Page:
ISSUE 17, April 2006
Editorial
Historic: The Brother who designed the Spitfire
Travel: The charm of Kerala
Grand Lodge: Pro Grand Master's speech and Quarterly Communication
Public Relations: Hottest spot in town
International: Emulation in Bulgaria and Mauritius takes a leap forward and Hungary's Royal Arch library
Library & Museum: Recent acquisitions
Masonic Bibles: Lodges and their Bibles
    Royal Masonic Girls' School: My thanks to the Freemasons
Holocaust: The Count of Auschwitz
Education: International conference on the history of Freemasonry and Events
Specialist Lodges: Masonry universal - via radio
Masonic Charities: Grand Charity continues to help those in need and New Masonic Samaritan Fund and Royal Masonic Benevolent Institution and Royal Masonic Trust for Girls and Boys
Grand Charity: The Tsunami - one year on and Important Gift Aid information
Letters, Book Reviews, and Gardening

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Above (top): A 1765 Bible of the Excellent and Grand Royal Chapter, forerunner of Supreme Grand Chapter

Above: Proceedings of a public meeting held at Freemasons’ Hall in 1824 to honour James Watt, inventor of the steam engine, and a Mason.

Right: Another view of the Watt proceedings book, showing an engine and carriages on the fore-edge
    The first Freemasons’ Hall, built by Thomas Sandby, was used for both Masonic meetings and hired out for use by non-Masonic organisations. The archive collections held by the Library and Museum include a number of letters, documents and pictures of these non-Masonic meetings (see MQ, Issue No. 15).
    At a recent auction, Library and Museum staff noticed that one of the lots was a bound copy of the proceedings of a public meeting held at Freemasons’ Hall on 18 June 1824 to debate the issue of erecting a monument to James Watt, inventor of the steam engine, who was described as ‘a man whose inventions had so essentially promoted the prosperity and increased the resources of the British Empire’.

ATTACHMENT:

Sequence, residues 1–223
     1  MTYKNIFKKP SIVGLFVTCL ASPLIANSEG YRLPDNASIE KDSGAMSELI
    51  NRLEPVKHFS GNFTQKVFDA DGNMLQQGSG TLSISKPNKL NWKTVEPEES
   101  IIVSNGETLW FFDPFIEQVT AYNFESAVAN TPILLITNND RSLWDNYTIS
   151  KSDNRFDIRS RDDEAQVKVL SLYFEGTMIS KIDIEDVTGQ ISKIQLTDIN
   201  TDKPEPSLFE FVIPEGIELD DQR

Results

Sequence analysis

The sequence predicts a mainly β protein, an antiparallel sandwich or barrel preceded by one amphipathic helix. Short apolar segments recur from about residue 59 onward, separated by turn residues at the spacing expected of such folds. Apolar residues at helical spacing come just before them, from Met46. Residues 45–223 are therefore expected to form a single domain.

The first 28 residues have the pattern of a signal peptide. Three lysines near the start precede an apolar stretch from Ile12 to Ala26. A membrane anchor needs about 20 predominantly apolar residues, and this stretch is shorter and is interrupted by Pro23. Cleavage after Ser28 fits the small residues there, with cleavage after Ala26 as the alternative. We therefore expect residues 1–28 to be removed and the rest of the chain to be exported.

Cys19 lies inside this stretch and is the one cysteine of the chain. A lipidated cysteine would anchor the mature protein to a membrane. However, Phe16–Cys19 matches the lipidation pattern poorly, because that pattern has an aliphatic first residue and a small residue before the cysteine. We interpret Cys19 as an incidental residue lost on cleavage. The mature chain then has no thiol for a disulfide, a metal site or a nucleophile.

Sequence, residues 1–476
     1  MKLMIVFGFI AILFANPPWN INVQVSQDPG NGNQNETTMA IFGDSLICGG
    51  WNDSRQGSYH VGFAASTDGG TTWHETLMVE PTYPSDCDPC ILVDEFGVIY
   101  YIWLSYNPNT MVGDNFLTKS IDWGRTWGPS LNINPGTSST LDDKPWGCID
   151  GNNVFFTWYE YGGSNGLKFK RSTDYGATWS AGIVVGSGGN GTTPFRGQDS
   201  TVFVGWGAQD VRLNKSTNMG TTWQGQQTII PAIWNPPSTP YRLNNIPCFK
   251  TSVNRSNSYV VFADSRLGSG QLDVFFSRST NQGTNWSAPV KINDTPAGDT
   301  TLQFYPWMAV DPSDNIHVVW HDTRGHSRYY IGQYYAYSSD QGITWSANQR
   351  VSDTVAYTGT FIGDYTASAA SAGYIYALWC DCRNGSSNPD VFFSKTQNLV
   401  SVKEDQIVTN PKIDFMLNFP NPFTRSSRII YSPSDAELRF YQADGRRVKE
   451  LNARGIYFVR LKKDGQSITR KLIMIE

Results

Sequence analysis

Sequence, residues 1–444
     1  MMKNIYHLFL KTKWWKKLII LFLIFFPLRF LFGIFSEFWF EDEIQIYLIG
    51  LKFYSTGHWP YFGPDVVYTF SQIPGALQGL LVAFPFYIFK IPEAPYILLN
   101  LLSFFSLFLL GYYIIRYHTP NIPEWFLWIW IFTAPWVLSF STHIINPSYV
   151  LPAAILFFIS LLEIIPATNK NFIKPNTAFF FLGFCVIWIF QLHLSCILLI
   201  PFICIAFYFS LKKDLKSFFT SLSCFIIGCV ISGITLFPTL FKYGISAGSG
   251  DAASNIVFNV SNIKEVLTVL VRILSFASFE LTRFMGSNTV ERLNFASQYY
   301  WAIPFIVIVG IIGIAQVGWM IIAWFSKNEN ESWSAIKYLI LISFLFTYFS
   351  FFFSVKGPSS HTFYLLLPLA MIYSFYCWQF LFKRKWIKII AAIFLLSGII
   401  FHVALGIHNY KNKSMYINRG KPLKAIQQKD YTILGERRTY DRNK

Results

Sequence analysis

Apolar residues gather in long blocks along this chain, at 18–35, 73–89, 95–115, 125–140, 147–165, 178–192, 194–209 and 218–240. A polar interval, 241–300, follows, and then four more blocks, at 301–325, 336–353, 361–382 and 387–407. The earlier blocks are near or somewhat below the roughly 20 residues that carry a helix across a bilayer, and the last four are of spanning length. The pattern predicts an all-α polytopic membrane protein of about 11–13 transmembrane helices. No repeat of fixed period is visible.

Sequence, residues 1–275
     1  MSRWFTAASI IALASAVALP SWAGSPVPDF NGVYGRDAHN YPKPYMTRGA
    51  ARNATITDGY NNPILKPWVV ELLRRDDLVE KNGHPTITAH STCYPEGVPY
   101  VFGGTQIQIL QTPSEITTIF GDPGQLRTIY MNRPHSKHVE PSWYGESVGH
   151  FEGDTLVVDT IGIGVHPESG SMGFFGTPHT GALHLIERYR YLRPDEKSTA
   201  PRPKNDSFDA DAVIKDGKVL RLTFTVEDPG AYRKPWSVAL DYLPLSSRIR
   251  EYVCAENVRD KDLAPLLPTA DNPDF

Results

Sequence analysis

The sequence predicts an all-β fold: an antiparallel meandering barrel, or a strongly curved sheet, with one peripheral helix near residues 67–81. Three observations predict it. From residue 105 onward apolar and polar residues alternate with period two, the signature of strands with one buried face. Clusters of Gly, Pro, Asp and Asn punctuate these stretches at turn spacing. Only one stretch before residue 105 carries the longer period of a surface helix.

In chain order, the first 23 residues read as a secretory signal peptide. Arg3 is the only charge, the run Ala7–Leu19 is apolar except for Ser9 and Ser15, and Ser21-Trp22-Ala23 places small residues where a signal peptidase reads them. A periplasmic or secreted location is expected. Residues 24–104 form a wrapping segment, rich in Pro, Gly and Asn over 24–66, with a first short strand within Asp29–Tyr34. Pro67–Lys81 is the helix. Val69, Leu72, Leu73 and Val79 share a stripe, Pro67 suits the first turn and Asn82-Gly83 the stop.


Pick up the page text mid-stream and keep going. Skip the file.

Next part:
Diane Clements, director of the Library and Museum, commented: “What particularly caught our eye was that the copy had a fore-edge painting of a steam train which sounded rather unusual.
    ‘We did not have any archive material about this particular meeting, but the book fits well with our recent cataloguing project about the history of the Hall and would also be an additional exhibit for our Summer Exhibition’.
    The auction, being out of London, staff did not have the opportunity to inspect the book but, following a successful bid, were amazed when it arrived. Bound in red morocco with gold blocking, the book was inscribed by both Sir Francis Chantrey and the artist of the charming fore-edge painting, William Maw Egley, neither of which had been included in the catalogue description.
    Diane Clements continued: ‘Sir Francis Chantrey was one of the major British sculptors of the 19th century. Having already made statues of Watt for Glasgow and Birmingham, he was eventually commissioned to produce the statue of Watt which was erected in Westminster Abbey as a result of this meeting.
    ‘Not only that, but he was a Freemason, a member of Somerset House Lodge, and we have two portrait busts by him in the current Freemasons’ Hall. This made a book which was already interesting, especially so’.




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